12.13: Understanding the Equations of Parabolas
Have you ever seen a parabola? Can you write the equation of a parabola? Take a look at this dilemma.
This parabola was created because of an equation.
Use this Concept to learn how to identify the equation of a parabola from a graph.
Guidance
Quadratic equations have graphs that are parabolas.
A parabola is a U shaped graph. Quadratic equations have graphs that are parabolas.
Here is a quadratic equation.
Equations to the
The graph of a parabola can change position, direction, and width based on the coefficients of
Standard form of a quadratic equation:
Once again, the
How about the
This reflection line is called the axis of symmetry which we will learn about in the next lessons.
The
Finally, the
Write down information about the
Let’s look at some graphs.
When you look at these graphs, we can determine certain things by looking at each and by knowing what the
Graph A  Graph B  Graph C 

opens upward  opens downward  opens upward 
fairly wide  neither narrow nor wide  fairly narrow 
symmetrical on 
symmetry is right of the 
symmetrical on 



equation is 
equation is 
equation is 



Now you can see how the graphs of each equation provides us with information.
You have learned to write linear equations based on linear graphs, we can also find a quadratic equation by using the parabola.
We know that the
We also know that the
If we have a graph, then we can also work backwards—we can fill in a ttable using the points we see on the graph. Then, by looking for a pattern in the ttable, we can derive the equation.
It is a bit like being a detective when you have to figure out the equation!
Take a look at this one.
Write the equation for the given graph.
Graph opens downward so
The





\begin{align*} 1\end{align*}  \begin{align*}{\color{white}} 2\end{align*} 
\begin{align*}{\color{white}} 0\end{align*}  \begin{align*}{\color{white}} 3\end{align*} 
\begin{align*}{\color{white}} 1\end{align*}  \begin{align*}{\color{white}} 2\end{align*} 
\begin{align*}{\color{white}} 2\end{align*}  \begin{align*} 1\end{align*} 
Standard form: \begin{align*}y=ax^2+bx+c\end{align*}
\begin{align*}c = 3\end{align*} so \begin{align*}y=ax^2+bx+3\end{align*}
The graph goes downward and we see the same pattern as with \begin{align*}y = x^2\end{align*}.
The equation may be \begin{align*}y=x^2+3\end{align*}.
Test point (1, 2) \begin{align*}\rightarrow\end{align*} does \begin{align*}2=(1)^2+3\end{align*}?
Yes! Our equation is correct!
Answer each question about parabolas.
Example A
If the \begin{align*}c\end{align*} value is \begin{align*}4\end{align*}, where is the yintercept of the graph?
Solution: \begin{align*}4\end{align*}
Example B
If the \begin{align*}a\end{align*} value is \begin{align*}3\end{align*}, will the parabola open upward or downward?
Solution: Downward
Example C
If the parabola opens upward, which value is positive \begin{align*}a, b\end{align*} or \begin{align*}c\end{align*}.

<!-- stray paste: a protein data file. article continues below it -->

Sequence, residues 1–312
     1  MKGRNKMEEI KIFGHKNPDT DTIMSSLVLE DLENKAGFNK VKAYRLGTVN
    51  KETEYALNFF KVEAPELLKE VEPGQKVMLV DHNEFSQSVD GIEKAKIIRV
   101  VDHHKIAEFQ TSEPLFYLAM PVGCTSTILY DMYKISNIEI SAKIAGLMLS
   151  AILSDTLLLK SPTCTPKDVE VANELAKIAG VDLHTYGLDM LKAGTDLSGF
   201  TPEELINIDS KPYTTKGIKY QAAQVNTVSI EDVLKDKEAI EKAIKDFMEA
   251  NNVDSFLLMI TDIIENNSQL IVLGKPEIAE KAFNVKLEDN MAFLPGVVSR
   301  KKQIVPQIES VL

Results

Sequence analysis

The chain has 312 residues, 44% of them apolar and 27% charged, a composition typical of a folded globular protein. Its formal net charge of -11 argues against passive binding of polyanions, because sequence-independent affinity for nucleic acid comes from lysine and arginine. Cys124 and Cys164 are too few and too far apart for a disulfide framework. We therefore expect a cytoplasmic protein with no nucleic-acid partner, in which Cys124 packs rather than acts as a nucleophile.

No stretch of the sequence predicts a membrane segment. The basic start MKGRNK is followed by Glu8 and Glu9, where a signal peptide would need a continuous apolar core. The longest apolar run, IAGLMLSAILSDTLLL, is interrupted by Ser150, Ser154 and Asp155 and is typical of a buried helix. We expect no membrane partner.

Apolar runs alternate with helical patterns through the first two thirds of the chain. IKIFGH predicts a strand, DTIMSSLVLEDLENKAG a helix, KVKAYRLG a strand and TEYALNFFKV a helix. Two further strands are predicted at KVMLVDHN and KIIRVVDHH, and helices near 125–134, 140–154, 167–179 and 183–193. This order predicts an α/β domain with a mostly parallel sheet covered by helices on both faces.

Solution: \begin{align*}a\end{align*}
Now let's go back to the dilemma from the beginning of the Concept.
Here is the parabola once again.
The parabola opens upward, so we know the \begin{align*}a\end{align*} value will be positive.
The parabola is symmetrical on the yaxis. The yintercept is zero.
The equation is \begin{align*}y=x^2\end{align*}.
If we substitute an ordered pair into the equation, we can check our work.
\begin{align*}4 = 2^2\end{align*}
\begin{align*}4 = 4\end{align*}
Our equation works!
Vocabulary
 Parabola
 a U shaped graph that is non – linear.
 Quadratic Equations
 equations to the second power that will always graph as a parabola.
 Vertex of a Parabola
 the bottom or top point of a parabola.
Guided Practice
Here is one for you to try on your own.
Figure out the equation for the following parabola.
Solution
First, notice that the yintercept is 4.
You can also see that the graph is symmetrical with the yaxis. This means that the first part of our equation is \begin{align*}x^2\end{align*}.
Now we can write the entire equation.
\begin{align*}y=x^24\end{align*}
This is our answer.
Video Review
Determining the Equation of a Parabola from a Graph
Practice
Directions: Answer the following questions about parabolas.
 True or false. All parabolas are symmetrical.
 True or false. The \begin{align*}y\end{align*} intercept is the same as the \begin{align*}c\end{align*} value.
 A parabola with a positive squared value opens _____________.
 A parabola with a negative squared value opens _____________.
 What is the vertex of the parabola?
 True or false. A parabola always forms a U shape.
 True or false. The closer the \begin{align*}a\end{align*} value is to zero the wider the parabola.
 True or false. The closer the \begin{align*}a\end{align*} value is to zero the narrower the parabola.
 True or false. The \begin{align*}b\end{align*} value determines the axis of symmetry.
 What does the \begin{align*}c\end{align*} value indicate?
 True or false. A linear equation will have a graph that is a parabola.
 True or false. A quadratic equation and a linear equation will have a similar graph.
Write the equations of the following graphs. Use the \begin{align*}a\end{align*} and \begin{align*}c\end{align*} values and a ttable to help you.
 .
 .
 .
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Term  Definition 

Parabola  A parabola is the characteristic shape of a quadratic function graph, resembling a "U". 
Quadratic Equation  A quadratic equation is an equation that can be written in the form , where , , and are real constants and . 
Vertex  The vertex of a parabola is the highest or lowest point on the graph of a parabola. The vertex is the maximum point of a parabola that opens downward and the minimum point of a parabola that opens upward. 
Image Attributions
Here you'll understand and identify the equation of a parabola.